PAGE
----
HR Management & Compliance

Accidentally Discriminated While Hiring? The EEOC Can Still Sue You

In Yesterday’s Advisor we explored how accidental discrimination still occurs all the time during the hiring process. Today, we’ll see what that can mean for your company and how to avoid such a problem.

Take a look at yesterday’s article to see detailed findings. In short, the study found that if applicants were racially transparent (made no effort to remove indicators of their minority status like name and minority-oriented work experiences on their résumés) they were much less likely to receive callbacks. That can seriously affect any company by opening them up to serious legal problems.

A False Sense of Security

Implicit bias represents a false sense of security for recruiters, who most often think of themselves as bias-free. Whether they are aware or not, such recruiters open up their employers to discrimination claims.

Another group of people with a false sense of security are minorities themselves who specifically seek out pro-diversity companies with the hopes that they have a good shot at being hired. The study shows that these types of applicants are much less likely to whiten their résumés when applying to those kinds of companies. Furthermore, more minorities apply to jobs that seem to be pro-diversity, while feeling safe in not altering their résumés.

As a result, two things occur. First, minority job applicants are being discriminated against in general. Second, because they apply to pro-diversity companies in greater numbers, they are actually being disproportionately discriminated against by companies that claim they are pro-diversity. Besides being supremely unfair from the perspective of the applicants, from a compliance perspective, this is a nightmare.

Discrimination Lawsuits

This study shows just how vulnerable every employer is to implicit bias. If a company is shown to be accepting fewer minorities that are equally qualified to nonminorities, it won’t matter much to the Equal Employment Opportunity Commission (EEOC) whether it was intentional or not. Let’s take a look at some of the ways that you can conquer implicit bias and make sure your hiring process is fair.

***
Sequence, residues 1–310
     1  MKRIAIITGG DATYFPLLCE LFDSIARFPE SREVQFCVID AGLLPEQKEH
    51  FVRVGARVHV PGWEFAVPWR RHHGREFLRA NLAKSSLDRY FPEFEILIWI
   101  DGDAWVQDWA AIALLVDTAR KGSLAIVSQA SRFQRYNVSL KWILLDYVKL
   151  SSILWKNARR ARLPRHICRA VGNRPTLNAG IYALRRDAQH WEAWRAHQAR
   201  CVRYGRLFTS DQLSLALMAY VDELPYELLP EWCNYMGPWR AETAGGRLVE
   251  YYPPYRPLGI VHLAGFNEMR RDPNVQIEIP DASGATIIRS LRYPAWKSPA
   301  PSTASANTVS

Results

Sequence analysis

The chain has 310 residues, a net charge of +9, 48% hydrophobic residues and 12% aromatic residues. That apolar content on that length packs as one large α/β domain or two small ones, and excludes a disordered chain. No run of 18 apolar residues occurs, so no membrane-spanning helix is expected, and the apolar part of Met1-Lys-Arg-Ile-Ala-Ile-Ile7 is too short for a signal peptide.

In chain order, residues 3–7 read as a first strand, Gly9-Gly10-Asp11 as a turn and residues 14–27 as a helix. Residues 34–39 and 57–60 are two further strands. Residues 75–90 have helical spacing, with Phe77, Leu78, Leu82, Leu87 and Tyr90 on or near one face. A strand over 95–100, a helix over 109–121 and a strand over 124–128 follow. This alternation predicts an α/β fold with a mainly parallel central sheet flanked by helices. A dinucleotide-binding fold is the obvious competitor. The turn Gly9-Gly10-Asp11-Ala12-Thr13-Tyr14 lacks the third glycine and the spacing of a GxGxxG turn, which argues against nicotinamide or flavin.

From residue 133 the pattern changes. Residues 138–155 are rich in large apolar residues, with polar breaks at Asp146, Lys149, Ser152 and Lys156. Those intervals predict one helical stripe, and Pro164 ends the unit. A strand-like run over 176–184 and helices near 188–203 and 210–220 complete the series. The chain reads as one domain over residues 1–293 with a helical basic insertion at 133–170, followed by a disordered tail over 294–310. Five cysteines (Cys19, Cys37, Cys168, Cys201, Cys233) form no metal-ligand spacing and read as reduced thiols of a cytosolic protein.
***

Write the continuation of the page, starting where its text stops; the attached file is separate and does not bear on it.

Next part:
The number one way to combat implicit bias is to train your recruiters and hiring managers about implicit bias. This training should remind them that:

  • Implicit bias is not the same as overt bias, and as a consequence, might be a factor in your recruiters’ hiring process without them even knowing it.
  • There are real, legal consequences to discriminating against minorities during the interview process (and of course, at any time)—even if that discrimination is not intentional.

Stick to the Criteria

Another way to combat implicit bias is to make sure that your recruiting staff stick to the basic criteria of the job, and match up the qualifications to those criteria. In other words, does the applicant have the requisite work experience and other qualifications to do the job well. If the answer is yes, that person should make it to the next step, no matter what his or her name is.

Give Each Résumé a Detailed Read

Simply skimming a résumé results in you absorbing very few details, among them, the name of the applicant, location, education, and some of his or her basic experiences. Some of these are also the kinds of things that will immediately reveal whether he or she a minority. A thorough read of a résumé will result in a better understanding of the candidate than just a name, and potentially, if he or she is a part of a minority group.


One final tactic you might try involves having a person who is not involved in hiring decisions review all résumés, and replace the names of the applicants with a code number. This prevents the recruiter from subconsciously drawing conclusions from the applicant’s name.